The Australian Hapkido Federation Inc is the only Australian Hapkido recognised by the Korea Hapkido Federation and Australian Martial Arts Industry Association. Dan recognition with the Korea Hapkido Federation is restricted in Australia to members of the Australian Hapkido Federation Inc'. Always ensure that your Instructor is accredited with the Martial Arts Industry Association or the National Coaching Accreditation Scheme (NCAS) which is organised through the Australian Sports Commission.
This Korean Martial Art of Self Defence evolved over thousands of years. It originated through the introduction of Buddhism in Korea in 3 A.D and was developed generation to generation by Royal families of Korea and Japan as their secret self defence. Hapkido means; HAP- circular harmony, KI- power or action, DO- way, execute; therefore- Circular Power Way.
It uses circular motion not to aggressively attack; rather to flow with the opponent; and to lead them to the advantage point where Hapkido joint twists, hitting, kicking and throwing take control of the opponent’s actions toward submission or smashing techniques.
HITTING- Hapkido uses; punching, hand strikes, back fist, hammer fist, finger striking on pressure points, fore arm strikes, elbows, knees and whole body striking.
KICKING- Hapkido uses; front, turning, side, crescent and axe kicks as basics (these kicks are also used as spinning reverse, on the spot jump kicks as well as running jump kicks). We also use; hook kick, whip kick, lower cross/ lower outer, low circular, low spinning reverse turning, low heel kick, foot stomping, knife foot thrust kick, scissor kicking (front / sides). Also the combination of speed kicks which is basically called flying kicking (commonly seen in International Taekwondo Tournaments). In all there are 50 basic types of kicks which vary in height and style of execution. For example, turning kick can be to head, body, thigh, knee or calf; could be front foot or back foot using stationary stance, sliding, walking forward or backward, on the spot jumping, running and jumping, or in a double kicking action).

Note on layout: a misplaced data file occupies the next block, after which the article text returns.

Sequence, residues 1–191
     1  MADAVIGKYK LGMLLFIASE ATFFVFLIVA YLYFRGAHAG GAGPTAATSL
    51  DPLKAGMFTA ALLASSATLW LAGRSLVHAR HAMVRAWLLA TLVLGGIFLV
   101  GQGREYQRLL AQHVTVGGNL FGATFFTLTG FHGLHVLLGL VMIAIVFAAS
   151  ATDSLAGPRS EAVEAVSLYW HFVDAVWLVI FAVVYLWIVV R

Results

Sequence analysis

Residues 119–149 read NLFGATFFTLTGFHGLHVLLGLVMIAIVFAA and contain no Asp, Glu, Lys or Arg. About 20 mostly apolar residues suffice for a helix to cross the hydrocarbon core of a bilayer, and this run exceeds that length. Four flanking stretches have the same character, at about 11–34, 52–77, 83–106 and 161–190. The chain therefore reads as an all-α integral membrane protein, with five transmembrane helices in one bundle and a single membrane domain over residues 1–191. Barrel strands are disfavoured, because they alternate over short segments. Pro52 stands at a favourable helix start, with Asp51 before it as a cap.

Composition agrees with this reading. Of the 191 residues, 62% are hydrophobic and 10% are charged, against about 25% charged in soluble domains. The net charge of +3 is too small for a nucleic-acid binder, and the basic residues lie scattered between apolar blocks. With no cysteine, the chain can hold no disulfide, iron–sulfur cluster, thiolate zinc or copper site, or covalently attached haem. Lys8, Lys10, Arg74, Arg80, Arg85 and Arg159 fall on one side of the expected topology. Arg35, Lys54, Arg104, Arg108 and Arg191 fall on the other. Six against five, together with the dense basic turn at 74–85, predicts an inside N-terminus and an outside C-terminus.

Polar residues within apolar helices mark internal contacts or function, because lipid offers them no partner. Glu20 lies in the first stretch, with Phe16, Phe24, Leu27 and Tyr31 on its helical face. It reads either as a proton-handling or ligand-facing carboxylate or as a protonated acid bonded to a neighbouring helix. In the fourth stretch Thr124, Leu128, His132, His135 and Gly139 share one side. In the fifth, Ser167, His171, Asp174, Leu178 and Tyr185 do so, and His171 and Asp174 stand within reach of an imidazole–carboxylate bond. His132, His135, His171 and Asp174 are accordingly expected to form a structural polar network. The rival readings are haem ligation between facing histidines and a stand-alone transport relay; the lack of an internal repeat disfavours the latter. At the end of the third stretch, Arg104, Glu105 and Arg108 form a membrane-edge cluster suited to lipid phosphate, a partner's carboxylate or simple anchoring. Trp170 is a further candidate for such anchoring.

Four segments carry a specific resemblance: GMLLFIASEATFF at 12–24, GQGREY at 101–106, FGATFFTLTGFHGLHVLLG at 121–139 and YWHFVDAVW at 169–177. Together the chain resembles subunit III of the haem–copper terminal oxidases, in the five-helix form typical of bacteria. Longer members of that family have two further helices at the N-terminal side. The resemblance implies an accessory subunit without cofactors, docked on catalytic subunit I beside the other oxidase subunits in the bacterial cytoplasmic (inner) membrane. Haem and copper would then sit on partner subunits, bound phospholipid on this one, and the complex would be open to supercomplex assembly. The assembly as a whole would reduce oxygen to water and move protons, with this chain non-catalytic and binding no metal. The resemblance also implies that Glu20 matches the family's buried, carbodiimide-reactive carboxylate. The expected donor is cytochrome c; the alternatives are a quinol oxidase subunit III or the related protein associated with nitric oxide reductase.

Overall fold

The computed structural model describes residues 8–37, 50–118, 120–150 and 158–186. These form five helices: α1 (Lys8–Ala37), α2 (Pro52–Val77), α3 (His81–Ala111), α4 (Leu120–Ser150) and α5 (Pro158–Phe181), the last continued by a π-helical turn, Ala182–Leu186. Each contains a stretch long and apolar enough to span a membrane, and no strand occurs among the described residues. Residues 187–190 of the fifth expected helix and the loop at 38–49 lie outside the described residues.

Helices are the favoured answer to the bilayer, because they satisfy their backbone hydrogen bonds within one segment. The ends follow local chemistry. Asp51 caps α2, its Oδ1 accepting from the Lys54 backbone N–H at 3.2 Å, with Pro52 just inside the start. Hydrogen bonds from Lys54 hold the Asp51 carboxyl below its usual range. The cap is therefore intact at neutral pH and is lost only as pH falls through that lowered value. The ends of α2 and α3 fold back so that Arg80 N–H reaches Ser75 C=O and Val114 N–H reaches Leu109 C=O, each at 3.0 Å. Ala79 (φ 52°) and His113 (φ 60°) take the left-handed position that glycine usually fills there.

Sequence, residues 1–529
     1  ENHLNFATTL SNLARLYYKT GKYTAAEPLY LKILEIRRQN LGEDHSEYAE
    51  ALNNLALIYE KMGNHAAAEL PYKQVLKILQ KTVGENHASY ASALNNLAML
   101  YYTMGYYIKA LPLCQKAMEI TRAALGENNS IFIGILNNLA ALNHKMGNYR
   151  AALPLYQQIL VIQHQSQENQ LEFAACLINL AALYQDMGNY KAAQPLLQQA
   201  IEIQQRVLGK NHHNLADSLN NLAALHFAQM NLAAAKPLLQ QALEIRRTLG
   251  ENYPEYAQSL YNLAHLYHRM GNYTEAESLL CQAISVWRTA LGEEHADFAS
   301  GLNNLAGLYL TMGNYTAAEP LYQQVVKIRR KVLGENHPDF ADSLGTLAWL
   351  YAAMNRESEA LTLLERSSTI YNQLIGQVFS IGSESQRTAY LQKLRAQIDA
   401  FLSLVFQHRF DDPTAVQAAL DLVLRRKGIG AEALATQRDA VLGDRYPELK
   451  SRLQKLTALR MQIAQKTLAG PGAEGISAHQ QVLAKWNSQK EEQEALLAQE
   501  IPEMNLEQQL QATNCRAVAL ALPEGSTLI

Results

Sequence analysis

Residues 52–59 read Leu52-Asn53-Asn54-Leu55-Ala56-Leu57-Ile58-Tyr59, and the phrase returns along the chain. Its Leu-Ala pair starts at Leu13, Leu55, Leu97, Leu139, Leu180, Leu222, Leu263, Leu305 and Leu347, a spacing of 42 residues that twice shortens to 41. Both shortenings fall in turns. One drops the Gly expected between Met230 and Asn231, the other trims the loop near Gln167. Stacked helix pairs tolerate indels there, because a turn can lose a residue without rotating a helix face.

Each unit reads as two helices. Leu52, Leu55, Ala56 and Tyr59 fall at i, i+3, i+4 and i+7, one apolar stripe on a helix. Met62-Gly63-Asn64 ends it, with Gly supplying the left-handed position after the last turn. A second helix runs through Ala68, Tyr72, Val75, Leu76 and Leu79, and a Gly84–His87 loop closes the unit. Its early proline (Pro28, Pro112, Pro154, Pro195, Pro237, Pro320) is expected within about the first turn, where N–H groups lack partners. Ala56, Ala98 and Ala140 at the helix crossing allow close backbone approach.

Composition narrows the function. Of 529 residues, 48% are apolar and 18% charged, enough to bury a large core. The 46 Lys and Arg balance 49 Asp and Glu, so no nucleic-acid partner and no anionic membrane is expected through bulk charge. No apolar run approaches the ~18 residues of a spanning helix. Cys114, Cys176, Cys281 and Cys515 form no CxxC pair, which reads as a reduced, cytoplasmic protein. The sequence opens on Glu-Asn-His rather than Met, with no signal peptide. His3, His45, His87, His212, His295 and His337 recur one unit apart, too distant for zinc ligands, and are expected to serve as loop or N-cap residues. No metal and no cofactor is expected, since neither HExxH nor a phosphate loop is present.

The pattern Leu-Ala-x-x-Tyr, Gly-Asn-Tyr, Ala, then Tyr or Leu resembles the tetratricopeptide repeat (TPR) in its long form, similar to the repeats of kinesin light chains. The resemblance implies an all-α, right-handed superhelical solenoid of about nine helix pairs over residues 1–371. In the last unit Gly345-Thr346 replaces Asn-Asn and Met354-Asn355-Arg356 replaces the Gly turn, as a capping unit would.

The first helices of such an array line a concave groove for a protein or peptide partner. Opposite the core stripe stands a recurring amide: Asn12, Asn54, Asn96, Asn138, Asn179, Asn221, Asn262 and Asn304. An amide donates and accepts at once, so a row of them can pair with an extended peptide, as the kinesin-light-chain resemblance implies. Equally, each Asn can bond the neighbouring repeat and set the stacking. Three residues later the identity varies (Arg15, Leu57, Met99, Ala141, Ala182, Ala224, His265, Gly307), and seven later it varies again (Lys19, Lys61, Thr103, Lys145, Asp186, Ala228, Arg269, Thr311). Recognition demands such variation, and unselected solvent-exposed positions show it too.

JOINT TWISTING- Hapkido main syllabus is the application of manipulating the attackers joints and pressure points to overpower them to a state of submission. There are literally thousands of combinations of these techniques which are all simply dependant on the strength of the aggressor; the stronger the attack, the more it will hurt them. All techniques revolve around the centre of gravity and the circular motion applied. It also relies on the + (plus) & - (minus) principle; that is, if the attack is strong, you will use a soft approach to over come them; if the attack is weak, you may use a strong approach. Regardless, the joint and pressure point techniques are extremely effective and very painful.
THROWING- Many of the throwing techniques are also found in such Arts as Ju-Jitsu, Aikido and Judo. Hapkido joint techniques can easily be transformed into a throwing technique by the simple re- direction of the technique to manipulate the centre of gravity. Again there are many different throwing techniques.
FIXING- This is the finalisation of the above techniques; the submission holds. The first step to self defence is to avoid (punch, kick, grab, etc), the second step is to counter attack (hit, kick, attack pressure point, joint lock or throw). The final step is to secure the attacker in a submission hold to ensure your safety. At this point it may be possible adjust the lock to a Police lock to walk the opponent to another location (eg, outside, to the Police) or to knock out the opponent (in the case where there is more than one opponent). Again, the FIXING techniques are very effective and painful, if not dangerous to resist against
WEAPONRY- Hapkido uses; short stick, long stick, walking cane, nunchaku and double nunchaku, towel, belt, fan, against knife, against kendo. No metal weapons are used. Weapons are taught at the Black Belt level, however are sometimes used as a class exercise.